“I love Gloomhaven, but it’s so hard to find time or to get a group together.” Sound familiar? Here’s your answer.
Before we get too far into this, I want you to re-read the title of this article, because I worry you didn’t really fully register what I said. Today, I will be presenting to you, a version of Gloomhaven, which does not even need a table. The entire game, played with a small handful of cards, is designed in such a way that you can play while keeping all of the cards in your hand. What a glorious day to be a board gamer.
Gloomholdin’ is designed by Joe Klipfel, who has a habit of designing games designed to be played in hand. He’s also designed a game called Griphold Tower, which is essentially a tower defense game. And like Gloomholdin’, it can be played entirely through by holding the cards in hand. His website, Mythfield Games, has many more games designed in a similar fashion. And while Griphold Tower is also very impressive, that’s not the focus of today.
Gloomholdin’ in broad strokes is probably best explained by watching the following video. If you know Gloomhaven, you’ll recognize all the same elements, albeit with a very new design. And if you’re looking for a more in-depth look, this video details the full How to Play.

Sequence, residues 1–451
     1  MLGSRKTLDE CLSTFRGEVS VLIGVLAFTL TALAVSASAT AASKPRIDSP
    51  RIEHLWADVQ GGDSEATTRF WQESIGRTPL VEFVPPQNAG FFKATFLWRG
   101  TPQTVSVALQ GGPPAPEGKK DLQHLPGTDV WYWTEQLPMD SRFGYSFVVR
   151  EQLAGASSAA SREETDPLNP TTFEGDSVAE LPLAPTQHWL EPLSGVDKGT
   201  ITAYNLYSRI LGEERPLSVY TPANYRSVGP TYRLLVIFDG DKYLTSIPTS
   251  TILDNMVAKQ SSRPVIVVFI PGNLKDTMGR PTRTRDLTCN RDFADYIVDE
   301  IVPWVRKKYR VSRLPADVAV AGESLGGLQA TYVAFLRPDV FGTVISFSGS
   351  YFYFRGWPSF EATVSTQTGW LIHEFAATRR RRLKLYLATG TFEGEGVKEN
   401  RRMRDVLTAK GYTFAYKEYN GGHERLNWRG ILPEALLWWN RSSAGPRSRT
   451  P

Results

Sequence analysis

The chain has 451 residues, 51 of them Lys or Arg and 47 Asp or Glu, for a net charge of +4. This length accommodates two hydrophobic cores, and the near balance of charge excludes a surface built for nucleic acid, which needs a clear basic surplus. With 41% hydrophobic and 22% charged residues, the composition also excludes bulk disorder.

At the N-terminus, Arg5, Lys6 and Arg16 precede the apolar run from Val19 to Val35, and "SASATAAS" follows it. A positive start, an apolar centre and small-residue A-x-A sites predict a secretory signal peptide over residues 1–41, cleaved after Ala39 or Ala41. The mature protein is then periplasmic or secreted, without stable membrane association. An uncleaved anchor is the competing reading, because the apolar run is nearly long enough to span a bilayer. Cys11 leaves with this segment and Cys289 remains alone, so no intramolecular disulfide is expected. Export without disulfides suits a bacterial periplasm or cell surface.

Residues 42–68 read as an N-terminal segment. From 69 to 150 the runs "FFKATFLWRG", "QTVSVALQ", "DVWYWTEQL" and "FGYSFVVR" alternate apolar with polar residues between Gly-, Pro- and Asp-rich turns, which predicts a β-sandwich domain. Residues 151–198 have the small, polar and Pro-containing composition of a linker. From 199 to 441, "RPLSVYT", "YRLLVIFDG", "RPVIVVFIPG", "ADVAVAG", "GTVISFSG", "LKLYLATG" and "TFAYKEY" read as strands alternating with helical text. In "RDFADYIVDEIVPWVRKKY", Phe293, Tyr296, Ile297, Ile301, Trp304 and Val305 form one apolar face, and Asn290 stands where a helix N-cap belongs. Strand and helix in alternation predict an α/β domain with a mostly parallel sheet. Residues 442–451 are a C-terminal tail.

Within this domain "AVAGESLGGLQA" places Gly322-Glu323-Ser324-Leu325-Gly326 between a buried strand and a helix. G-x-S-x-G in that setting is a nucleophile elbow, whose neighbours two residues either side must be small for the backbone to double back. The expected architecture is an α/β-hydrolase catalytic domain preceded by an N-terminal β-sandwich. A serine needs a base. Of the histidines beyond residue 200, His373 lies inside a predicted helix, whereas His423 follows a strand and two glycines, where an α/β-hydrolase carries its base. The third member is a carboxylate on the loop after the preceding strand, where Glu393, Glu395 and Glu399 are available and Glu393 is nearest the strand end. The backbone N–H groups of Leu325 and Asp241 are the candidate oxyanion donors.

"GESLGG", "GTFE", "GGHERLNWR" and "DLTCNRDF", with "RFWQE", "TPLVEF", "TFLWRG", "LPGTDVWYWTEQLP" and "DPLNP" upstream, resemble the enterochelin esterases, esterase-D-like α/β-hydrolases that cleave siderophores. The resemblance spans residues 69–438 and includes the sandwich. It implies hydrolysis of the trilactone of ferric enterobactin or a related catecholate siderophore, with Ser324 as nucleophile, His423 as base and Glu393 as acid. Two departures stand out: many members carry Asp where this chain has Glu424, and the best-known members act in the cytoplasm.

Essentially, Gloomholdin’ relies on the player organizing, stacking, and layering the cards in their hand in certain orientations and positions to indicate the current state of the game. As the player moves around the map card, it will be pushed further into the pile of cards, using the red arrow on the top of the front-most card, to point to whichever hex the player currently occupies.
If you’re currently thinking that seems awfully risky to be holding the entire gamestate in your hand, never fear! You can just as easily play on the table, which a much smaller footprint than a full set of Gloomhaven requires.
The game is currently in active development. But I highly suggest you follow the progress on the WIP Forum Thread or the Board Game Gook page, where the rulebook, scenario book, and cards are all available for free as print-n’-play. The game is meant to be played solo, but there’s also a 2 player variant in the works.
If you’re like me and think this is just a great project and what to learn more, I suggest giving a listen to Board Game Design Lab’s interview with Joe, also just follow that podcast anyway. They are great and I’ve been a listener for a while now.
And before you go worrying that this is all for naught, since this will inevitably be hit with a copyright claim and get taken down, quell those fears!
“I want to say a huge thank you to Cephalofair Games for giving their blessing to post Gloomholdin’ for free download, and for granting permission to use original Gloomhaven art, characters, lore, etc. Please be respectful of Cephalofair Games’ generosity and only use Gloomholdin’ as a free print and play game for personal use.”
We’re in the clear! I’m so excited to be following this project and I love the idea behind it. I’m a big fan of microgames, but also of huge sprawling RPG-style board games. And somehow, through the dichotomy of it all, I’ve found a game that satisfies both!
Suffice it to say, I’m not the only one paying attention.
Thanks for reading!